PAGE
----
The real question is this: will the Bush administration realize that the steel tariffs have backfired, and reverse course? They have the option of reducing or eliminating the tariffs, if they wish. Which brings us to my favorite line from the Post article:

The only reason they won’t do it [remove the tariffs] is if they’re unwilling to admit they made a mistake,” said a Republican strategist who works closely with the White House.

Good thing this White House has so clearly demonstrated the ability to admit it when they make a mistake. Anyone want to place odds on the chances that they’ll reverse their steel policy?

Kash

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US Morale in Iraq is Good. Really.

Today’s Guardian contains a powerful commentary written by Tim Predmore, a US soldier who has been serving with the 101st Airborne Division in Iraq since the beginning of hostilities. It starts off with this:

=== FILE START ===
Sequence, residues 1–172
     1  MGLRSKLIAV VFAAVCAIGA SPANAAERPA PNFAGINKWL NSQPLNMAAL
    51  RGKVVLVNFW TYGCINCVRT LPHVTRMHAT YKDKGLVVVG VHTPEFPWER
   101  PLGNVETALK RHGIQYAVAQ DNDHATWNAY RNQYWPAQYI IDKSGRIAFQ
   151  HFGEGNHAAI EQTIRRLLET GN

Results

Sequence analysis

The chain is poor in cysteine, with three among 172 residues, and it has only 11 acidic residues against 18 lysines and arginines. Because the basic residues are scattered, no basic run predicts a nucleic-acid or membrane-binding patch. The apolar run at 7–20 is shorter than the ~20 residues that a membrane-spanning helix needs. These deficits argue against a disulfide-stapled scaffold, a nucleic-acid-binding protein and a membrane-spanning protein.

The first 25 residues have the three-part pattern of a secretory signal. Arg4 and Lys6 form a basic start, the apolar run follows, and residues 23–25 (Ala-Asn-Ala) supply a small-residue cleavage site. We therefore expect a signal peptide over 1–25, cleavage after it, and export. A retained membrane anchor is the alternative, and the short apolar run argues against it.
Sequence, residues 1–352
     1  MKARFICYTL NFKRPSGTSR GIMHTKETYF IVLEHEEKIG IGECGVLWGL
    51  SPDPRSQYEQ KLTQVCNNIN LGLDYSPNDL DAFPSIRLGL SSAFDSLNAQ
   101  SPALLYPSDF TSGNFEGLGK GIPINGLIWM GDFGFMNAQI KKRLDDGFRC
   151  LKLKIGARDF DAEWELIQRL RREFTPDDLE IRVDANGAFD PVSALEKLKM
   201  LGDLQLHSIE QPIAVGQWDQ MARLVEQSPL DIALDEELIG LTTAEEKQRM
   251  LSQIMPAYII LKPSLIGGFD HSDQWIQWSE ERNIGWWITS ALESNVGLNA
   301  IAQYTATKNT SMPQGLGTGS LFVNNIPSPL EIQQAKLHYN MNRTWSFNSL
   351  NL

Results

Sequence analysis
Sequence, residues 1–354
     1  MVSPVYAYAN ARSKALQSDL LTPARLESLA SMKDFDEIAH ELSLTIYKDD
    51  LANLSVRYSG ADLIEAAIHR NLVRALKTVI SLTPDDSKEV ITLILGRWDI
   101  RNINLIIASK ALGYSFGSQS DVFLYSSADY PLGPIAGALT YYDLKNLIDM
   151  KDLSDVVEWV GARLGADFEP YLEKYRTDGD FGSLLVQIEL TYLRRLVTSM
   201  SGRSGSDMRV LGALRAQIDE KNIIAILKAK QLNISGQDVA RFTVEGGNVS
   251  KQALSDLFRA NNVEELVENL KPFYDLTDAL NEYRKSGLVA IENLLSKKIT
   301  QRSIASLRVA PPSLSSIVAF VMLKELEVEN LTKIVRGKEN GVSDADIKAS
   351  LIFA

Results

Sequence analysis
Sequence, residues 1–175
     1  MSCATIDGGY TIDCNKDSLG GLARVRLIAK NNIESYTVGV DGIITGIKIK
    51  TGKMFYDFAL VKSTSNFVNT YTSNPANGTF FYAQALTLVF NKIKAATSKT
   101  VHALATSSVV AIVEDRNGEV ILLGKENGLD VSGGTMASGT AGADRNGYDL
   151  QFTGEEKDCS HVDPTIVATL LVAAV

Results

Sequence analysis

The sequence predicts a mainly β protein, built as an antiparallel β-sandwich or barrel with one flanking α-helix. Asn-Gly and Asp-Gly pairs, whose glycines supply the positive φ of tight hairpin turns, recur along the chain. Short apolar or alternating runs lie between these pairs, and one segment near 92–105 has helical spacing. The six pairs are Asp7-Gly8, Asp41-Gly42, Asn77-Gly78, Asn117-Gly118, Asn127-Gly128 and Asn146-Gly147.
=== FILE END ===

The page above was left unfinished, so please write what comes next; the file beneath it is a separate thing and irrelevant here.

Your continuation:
For the past six months, I have been participating in what I believe to be the great modern lie: Operation Iraqi Freedom.

Luckily, the Bush administration and the Pentagon assure us that things are going well in Iraq, and that morale among the US troops in Iraq is good. Whew. So we don’t have to worry when Predmore writes:

I once believed that I was serving for a cause – “to uphold and defend the constitution of the United States”. Now I no longer believe that; I have lost my conviction, as well as my determination. I can no longer justify my service on the basis of what I believe to be half-truths and bold lies.

Read the piece.

Kash